Indian J Sex Transm Dis Indian J Sex Transm Dis
Official Publication of the Indian Association for the Study of Sexually Transmitted Diseases
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Year : 2009  |  Volume : 30  |  Issue : 1  |  Page : 46-47

Wolf in lamb's skin: Vulval carcinoma mimicking bartholin gland abscess

Department of Obstetrics and Gynecology, M.S.Ramaiah Medical College and Teaching Hospital, Bangalore, India

Date of Web Publication5-Sep-2009

Correspondence Address:
Ashwini U Nayak
Venkatesh Nayak, 'Kalpatharu', Survey No. 52, Site No. 59, 10th A cross, CMC 240, Chowdeshwarinagar, Laggere village extension, PSIPOST, Bangalore - 560058
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Source of Support: None, Conflict of Interest: None

DOI: 10.4103/0253-7184.55489

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Vulvar cancer is a rare malignancy, representing approximately 4% of the female genital tract malignancies. This case emphasizes the importance of considering the unusual diagnosis of vulval cancer in a young woman when confronted with a large or recurrent Bartholin gland lesion, and underlines the need for careful pathological examination of such specimens.

Keywords: Bartholin gland abscess, squamous cell carcinoma of the vulva

How to cite this article:
Nayak AU, Sundari N, Nandini G. Wolf in lamb's skin: Vulval carcinoma mimicking bartholin gland abscess. Indian J Sex Transm Dis 2009;30:46-7

How to cite this URL:
Nayak AU, Sundari N, Nandini G. Wolf in lamb's skin: Vulval carcinoma mimicking bartholin gland abscess. Indian J Sex Transm Dis [serial online] 2009 [cited 2020 Aug 15];30:46-7. Available from:

   Introduction Top

Squamous cell carcinoma (SCC) of the vulva is an unusual neoplasm with an overall incidence of approximately 1.8 per 100,000. [1] It most frequently occurs in women between 65−75 years of age, [2] whereas it is rare in patients younger than 30 years. This case is uncommon because it has presented at a young age and mimicked bartholin's abscess.

   Case Report Top

A 30-year-old patient presented to us with swelling on the right part of vulva and fever with pain for five days prior to admission. There was no past history of pruritus vulvae or vulval dystrophy. On local examination, there was a swelling over the right labia majora measuring 6 x 4 cm, variable in consistency with tenderness over the swelling [Figure 1]. General physical examination revealed no abnormality except enlarged right inguinal lymphnode. Provisional diagnosis of bartholin's abscess/cyst was made. As fluctuation could be elicited, incision and drainage was proposed. When incision was made on the medial aspect of the swelling, blood instead of pus drained from the swelling. This made us suspect carcinoma of vulva; and biopsies taken from the vulvar lesion revealed moderately differentiated squamous cell carcinoma. Ultrasound of the abdomen and pelvis was normal.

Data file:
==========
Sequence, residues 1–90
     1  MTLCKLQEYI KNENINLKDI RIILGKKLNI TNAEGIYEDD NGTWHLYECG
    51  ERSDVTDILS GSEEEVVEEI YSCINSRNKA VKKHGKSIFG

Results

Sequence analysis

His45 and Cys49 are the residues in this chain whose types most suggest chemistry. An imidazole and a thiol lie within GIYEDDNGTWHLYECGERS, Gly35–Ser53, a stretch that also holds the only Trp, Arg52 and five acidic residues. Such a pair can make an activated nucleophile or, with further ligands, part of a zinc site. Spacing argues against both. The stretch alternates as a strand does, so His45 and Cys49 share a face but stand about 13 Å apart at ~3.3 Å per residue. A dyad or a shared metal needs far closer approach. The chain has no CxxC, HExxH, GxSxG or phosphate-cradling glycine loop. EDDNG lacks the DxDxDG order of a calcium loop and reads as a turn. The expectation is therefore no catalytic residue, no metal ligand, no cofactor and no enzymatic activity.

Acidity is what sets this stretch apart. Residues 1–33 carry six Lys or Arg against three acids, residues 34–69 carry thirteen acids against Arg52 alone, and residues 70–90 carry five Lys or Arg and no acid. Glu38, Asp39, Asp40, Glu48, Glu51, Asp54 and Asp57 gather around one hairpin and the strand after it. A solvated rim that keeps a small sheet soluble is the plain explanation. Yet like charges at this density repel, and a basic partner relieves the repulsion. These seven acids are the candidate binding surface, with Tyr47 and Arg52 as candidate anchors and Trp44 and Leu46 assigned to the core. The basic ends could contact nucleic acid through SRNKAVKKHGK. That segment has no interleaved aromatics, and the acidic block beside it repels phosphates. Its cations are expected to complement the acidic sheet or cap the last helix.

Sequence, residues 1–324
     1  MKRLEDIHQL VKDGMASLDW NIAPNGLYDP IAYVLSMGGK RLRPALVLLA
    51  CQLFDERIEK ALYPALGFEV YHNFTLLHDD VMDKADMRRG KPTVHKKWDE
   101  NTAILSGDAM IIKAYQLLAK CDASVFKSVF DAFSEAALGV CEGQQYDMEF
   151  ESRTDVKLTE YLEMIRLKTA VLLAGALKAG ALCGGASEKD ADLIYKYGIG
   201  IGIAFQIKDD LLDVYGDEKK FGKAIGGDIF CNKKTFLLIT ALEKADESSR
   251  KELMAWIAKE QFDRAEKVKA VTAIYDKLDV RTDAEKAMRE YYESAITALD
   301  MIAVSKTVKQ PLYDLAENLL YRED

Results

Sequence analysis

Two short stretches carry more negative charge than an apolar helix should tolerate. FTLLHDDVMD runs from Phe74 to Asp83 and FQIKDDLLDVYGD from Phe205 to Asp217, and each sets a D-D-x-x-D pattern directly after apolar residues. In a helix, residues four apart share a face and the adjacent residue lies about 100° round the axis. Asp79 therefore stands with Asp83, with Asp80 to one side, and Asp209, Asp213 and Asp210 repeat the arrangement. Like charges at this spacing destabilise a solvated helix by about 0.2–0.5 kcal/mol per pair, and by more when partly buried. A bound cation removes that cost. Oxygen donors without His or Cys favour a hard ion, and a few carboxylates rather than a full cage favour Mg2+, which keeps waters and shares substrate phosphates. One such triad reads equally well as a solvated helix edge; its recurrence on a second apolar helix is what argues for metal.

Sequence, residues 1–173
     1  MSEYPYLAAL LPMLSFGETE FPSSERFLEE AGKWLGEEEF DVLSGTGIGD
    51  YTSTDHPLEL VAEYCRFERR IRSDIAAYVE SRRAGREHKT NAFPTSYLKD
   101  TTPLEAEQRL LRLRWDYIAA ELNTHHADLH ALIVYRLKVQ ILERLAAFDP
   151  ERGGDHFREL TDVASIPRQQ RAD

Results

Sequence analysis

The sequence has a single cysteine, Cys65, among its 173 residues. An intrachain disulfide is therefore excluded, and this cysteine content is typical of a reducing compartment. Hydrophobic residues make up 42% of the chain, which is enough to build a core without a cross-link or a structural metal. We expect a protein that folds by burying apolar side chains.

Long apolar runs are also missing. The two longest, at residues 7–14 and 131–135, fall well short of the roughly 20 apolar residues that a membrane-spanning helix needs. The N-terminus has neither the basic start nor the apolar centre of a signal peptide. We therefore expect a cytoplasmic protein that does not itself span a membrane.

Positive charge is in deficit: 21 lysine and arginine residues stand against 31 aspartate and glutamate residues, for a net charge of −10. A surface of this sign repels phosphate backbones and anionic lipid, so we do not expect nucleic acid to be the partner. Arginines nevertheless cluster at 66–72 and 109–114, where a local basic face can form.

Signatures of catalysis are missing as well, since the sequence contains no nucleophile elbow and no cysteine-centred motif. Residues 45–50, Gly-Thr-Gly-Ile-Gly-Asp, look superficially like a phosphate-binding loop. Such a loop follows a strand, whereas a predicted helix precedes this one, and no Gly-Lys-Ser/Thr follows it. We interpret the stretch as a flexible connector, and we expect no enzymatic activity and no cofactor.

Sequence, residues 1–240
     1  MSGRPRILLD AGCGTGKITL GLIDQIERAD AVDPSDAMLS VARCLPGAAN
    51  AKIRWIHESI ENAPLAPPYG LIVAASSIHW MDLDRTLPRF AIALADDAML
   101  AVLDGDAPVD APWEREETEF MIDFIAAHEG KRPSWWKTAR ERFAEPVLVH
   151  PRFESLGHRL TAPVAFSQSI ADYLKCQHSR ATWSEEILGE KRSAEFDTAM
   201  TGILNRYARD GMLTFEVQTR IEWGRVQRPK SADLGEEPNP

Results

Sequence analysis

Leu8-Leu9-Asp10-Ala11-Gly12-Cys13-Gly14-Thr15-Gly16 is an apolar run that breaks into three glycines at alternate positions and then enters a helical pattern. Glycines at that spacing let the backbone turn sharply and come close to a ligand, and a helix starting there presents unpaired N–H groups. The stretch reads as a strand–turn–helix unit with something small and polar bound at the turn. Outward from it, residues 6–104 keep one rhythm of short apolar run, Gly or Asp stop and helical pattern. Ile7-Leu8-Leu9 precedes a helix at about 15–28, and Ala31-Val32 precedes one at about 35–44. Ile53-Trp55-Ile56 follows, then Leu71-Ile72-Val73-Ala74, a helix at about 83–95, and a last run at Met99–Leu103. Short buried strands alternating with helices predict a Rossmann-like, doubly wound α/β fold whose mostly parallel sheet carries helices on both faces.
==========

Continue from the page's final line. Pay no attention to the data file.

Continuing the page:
Discussion Top

The vast majority (90%) of vulval carcinoma are squamous cell carcinomas, and other histologic lesions including melanomas, adenocarcinomas, basal cell carcinomas, and sarcomas account for the remaining 10%. [3] On physical examination, the vulvar lesion is usually raised and may be fleshy, ulcerated, leukoplakic, or warty in appearance. [4] Indications for biopsy include any grossly suspicious lesion such as a confluent, wart-like mass; persistent ulceration or itchy area; or change in the color, elevation of surface of a lesion. [5],[6] Biopsy can be performed in the office under local anesthesia using excisional or punch biopsy. [4] Lymphatic spread, usually to the inguinal lymph nodes, can occur early in the disease process. From the inguinal nodes, the cancer spreads to the femoral nodes, followed by the pelvic nodes, and specifically to the external iliac chain. [4] The overall five-year survival is 70% and correlates with the stage of disease and lymph node status. [7] Our patient had a history of vulval swelling with fever and pain and examination revealed a fluctuant tender swelling, suggestive of bartholin's abscess. Bleeding from the incision site made us suspect vulval carcinoma, which was confirmed by the biopsy.

   References Top

1.Cramer DW, Cutler SJ. Incidence and histopathology of malignancies of the female genital organs in the United States. Am J Obstet Gynecol 1974;118:443-60.  Back to cited text no. 1    
2.Landis SH, Murray T, Bolden S, Wingo PA. Cancer statistics. CA cancer J clin. 1998;48:6-29.  Back to cited text no. 2    
3.Jemal A, Tiwani RC, Murray T, Ghafoor A, Samuels A, Ward E, et al . Cancer Statistics 2004. CA Cancer J Clin 2004;54:8-29.  Back to cited text no. 3    
4.Hacker NF. Vulvar cancer. In: Berek JS, Hacker NF, eds. Practical gynecologic oncology. 3 rd ed. Philadelphia: Williams and Wilkins; 2000. p. 553-96.  Back to cited text no. 4    
5.DiSaia PJ, Creasman WT. Clinical gynecologic oncology. 5 th ed. St. Louis: Mosby; 1997.   Back to cited text no. 5    
6.American College of Obstetricians and Gynecologists. Vulvar cancer. ACOG technical bulletin no. 186. Washington, D.C.: ACOG, 1993.  Back to cited text no. 6    
7.Homesley HD, Bundy BN, Sedlis A, Yordan E, Berek JS, Jahshan A, et al . Assessment of current International Federation of Gynecology and Obstetrics staging of vulvar carcinoma relative to prognostic factors for survival (a Gynecologic Oncology Group study). Am J Obstet Gynecol 1991;164:997-1004.  Back to cited text no. 7    


  [Figure 1]


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